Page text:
Wednesday, June 19 2013 11:35 AM EDT2013-06-19 15:35:34 GMT
The Alabama Department of Public Safety has issued a Missing Child Media Alert after a 2-month-old baby was allegedly taken by a 14-year-old girl early Monday morning from Birmingham. Police say 2-month-oldMore >>
Birmingham Police have confirmed that missing infant De'Anthony Kelly and his abductor, Dor'Sayde Gathright were located in Dallas, Texas Tuesday night, and were taken into custody without incident. More >>
Monday, May 13 2013 12:24 PM EDT2013-05-13 16:24:04 GMT
MARION COUNTY, MS (WDAM) - A weekend-long drug raid left 22 individuals behind bars, and more arrests to come. According to Marion County Sheriff Berkley Hall, the drug raid is the result of severalMore >>
A weekend-long drug raid left 22 individuals behind bars, and more arrests to come.More >>
Wednesday, June 19 2013 6:18 PM EDT2013-06-19 22:18:02 GMT
Harrison County Sheriff's deputies are involved in search in the area of Canal Road in Harrison County this afternoon. An official at the Harrison County Sheriff's Department says a deputy pulled someoneMore >>
A witness describes him as a "Skinny Santa" and deputies say he's got white hair and a long beard, but they're not at all talking about old Saint Nick. They're describing a man, who reportedly fled from a deputy during a traffic stop Wednesday morning.
Tuesday, June 18 2013 3:35 PM EDT2013-06-18 19:35:49 GMT
A dog battling cancer managed to hang on long enough to see her owner return from a deployment overseas. According to Jennifer Ralston's YouTube channel, Kermie, an 11-year-old beagle-lab-chow mix, wasMore >>
Kermie, an 11-year-old beagle-lab-chow mix, was diagnosed with oral melanoma just a month after her owner, Eric, was deployed overseas.More >>
Wednesday, June 19 2013 6:53 PM EDT2013-06-19 22:53:07 GMT
The newly-installed fire pits are gone from the beach in Harrison County. Weeks after they were put in, the fire pits had to be removed and sent back to the contractor.More >>
Don't plan on having a bonfire in one of those new concrete fire pits any time soon. That's because the newly-installed fire pits are gone from the beach in Harrison County. Weeks after they were put in, the fire pits had to be removed and sent back to the contractor. The county found out that they just couldn't take the heat.More >>
WAVELAND, MS (WLOX) - When Hurricane Katrina struck on August 29, 2005, the world of Waveland first responders was turned upside down. As the fifth anniversary nears, they gather at the trailer that serves as the fire station to collect their thoughts and share their memories of that awful day. The memories are painful and bring out the raw emotion of that moment in time.
Lt. Mac Cowand is a police officer, and he remembers how he felt.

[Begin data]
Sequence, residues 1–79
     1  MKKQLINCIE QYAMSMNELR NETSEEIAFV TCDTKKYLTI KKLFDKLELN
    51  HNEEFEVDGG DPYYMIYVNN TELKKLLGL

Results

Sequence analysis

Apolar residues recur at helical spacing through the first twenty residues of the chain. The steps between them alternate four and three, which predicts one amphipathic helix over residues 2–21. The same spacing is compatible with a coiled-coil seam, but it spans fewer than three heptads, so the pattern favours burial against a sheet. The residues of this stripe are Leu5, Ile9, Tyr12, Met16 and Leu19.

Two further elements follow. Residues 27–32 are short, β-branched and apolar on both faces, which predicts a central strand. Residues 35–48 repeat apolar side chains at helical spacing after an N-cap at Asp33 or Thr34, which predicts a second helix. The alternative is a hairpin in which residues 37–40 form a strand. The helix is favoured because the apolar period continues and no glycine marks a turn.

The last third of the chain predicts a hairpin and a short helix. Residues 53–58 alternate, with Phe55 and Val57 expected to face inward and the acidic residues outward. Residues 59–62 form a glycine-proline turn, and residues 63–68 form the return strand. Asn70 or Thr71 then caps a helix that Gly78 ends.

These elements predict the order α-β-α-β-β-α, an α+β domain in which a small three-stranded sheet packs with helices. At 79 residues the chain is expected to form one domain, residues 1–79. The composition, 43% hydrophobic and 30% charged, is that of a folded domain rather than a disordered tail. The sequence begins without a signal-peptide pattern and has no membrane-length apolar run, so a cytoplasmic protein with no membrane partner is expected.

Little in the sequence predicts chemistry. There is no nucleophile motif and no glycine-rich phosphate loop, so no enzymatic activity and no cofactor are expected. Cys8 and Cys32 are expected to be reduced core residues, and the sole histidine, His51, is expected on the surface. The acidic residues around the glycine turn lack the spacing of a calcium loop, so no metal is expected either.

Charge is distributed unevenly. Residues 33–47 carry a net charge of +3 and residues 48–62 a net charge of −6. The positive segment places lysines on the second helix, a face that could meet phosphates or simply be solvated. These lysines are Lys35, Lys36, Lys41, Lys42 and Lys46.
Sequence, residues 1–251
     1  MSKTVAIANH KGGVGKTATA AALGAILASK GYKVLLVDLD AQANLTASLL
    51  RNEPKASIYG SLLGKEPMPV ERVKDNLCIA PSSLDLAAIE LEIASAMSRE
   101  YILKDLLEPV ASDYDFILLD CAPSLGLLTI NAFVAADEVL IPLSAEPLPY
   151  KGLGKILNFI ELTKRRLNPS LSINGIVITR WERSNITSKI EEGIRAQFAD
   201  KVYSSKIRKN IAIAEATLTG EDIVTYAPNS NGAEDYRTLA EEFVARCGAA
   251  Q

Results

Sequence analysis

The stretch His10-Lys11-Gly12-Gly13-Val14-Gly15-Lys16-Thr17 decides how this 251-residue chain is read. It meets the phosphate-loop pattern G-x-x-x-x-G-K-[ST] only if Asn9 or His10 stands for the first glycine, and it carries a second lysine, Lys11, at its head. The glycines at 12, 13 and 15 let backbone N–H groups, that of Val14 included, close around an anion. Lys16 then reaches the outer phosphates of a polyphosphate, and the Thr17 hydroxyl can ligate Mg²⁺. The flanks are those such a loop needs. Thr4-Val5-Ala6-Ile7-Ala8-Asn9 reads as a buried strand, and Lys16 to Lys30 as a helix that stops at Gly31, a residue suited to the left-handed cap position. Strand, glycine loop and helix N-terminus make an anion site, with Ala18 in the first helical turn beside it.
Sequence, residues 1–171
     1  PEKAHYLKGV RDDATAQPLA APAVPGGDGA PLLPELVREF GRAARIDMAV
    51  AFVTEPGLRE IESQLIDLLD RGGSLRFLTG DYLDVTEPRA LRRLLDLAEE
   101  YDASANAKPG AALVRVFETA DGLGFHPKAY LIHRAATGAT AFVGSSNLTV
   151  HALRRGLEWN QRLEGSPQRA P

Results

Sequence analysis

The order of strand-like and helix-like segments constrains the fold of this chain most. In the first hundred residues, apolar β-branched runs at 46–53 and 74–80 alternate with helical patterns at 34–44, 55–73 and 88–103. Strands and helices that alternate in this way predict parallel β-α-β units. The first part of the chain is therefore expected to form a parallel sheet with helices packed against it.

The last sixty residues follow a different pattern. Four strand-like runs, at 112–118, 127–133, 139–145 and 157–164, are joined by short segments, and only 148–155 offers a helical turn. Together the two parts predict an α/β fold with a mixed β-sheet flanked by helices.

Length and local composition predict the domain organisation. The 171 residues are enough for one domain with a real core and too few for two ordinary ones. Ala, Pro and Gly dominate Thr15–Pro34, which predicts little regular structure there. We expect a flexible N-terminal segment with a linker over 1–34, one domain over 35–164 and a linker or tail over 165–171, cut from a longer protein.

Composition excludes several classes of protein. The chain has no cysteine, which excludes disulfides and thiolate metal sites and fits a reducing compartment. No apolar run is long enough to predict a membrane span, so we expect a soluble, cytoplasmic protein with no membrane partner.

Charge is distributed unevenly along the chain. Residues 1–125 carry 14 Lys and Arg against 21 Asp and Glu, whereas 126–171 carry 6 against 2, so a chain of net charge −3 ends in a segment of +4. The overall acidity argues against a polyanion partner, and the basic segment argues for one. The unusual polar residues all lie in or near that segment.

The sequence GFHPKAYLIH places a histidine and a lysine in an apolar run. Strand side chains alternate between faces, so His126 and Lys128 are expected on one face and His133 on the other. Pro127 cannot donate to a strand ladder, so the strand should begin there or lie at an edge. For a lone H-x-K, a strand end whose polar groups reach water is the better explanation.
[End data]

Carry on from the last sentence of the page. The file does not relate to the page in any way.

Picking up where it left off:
"Helpless, and you're looking for help. We were lucky," Cowand said. "We had people from Florida come in who had been through it. Three or four days later, we had Orange County, Polk County and they really helped us out."
In an ironic twist of fate, first responders like Assistant Fire Chief Mike Smith almost became victims themselves.
"When the water came in the fire station and started coming up the hallway, that was very unique and so at that point, it was just survival honestly," Smith said. "We went from being a rescuer to almost needing rescue."
Cowand said it was very frustrating for the men and women who were so used to helping those in need.
"You have no patrol car, no cell phones, no communication whatsoever with the outside world. You have no way to get around and do anything for anybody because everything is completely inundated."
But Smith said they managed to get out and walk through what was left of the city, and offer what little aid and comfort they could.
"And I remember the morning after walking down Gulfside and I was walking over trees and through the debris and people were emerging from their homes that morning and it was like, I related to the after effects of a bomb dropping. People walking out, they looked dazed and confused and everybody looked like that."
But even in the midst of all that misery, the presence of the first responders stood out.
"Just to see us, I think made it a lot better for the citizens because they knew that not everything was gone," Fire Captain Tony Mallini remembered. "They were just happy to see somebody else."
Standing and walking along the still desolate parts of the Waveland beachfront, it brings to mind the incredible sacrifices made by the first responders. Those sacrifices did not go unnoticed by the public in the days and weeks after the storm. There was a sense of real gratitude for what they brought to the table.
Howard Parker, a detective with the police department, recalled the tears of joy from desperate citizens.
"Some people would cry and they would just thank you. Something as simple as a bag of ice meant the world to some of the people after the hurricane," Parker said. "They would show emotion and break down and cry and let you know they appreciated what you were trying to do, and let you know that they were thinking about us and were wishing they could give something back to help us at that time."
The final death toll in Hancock County was 56. Despite the danger, and their own losses, every first responder told us they wouldn't think twice about doing it all over again if another Katrina should ever strike the coast.
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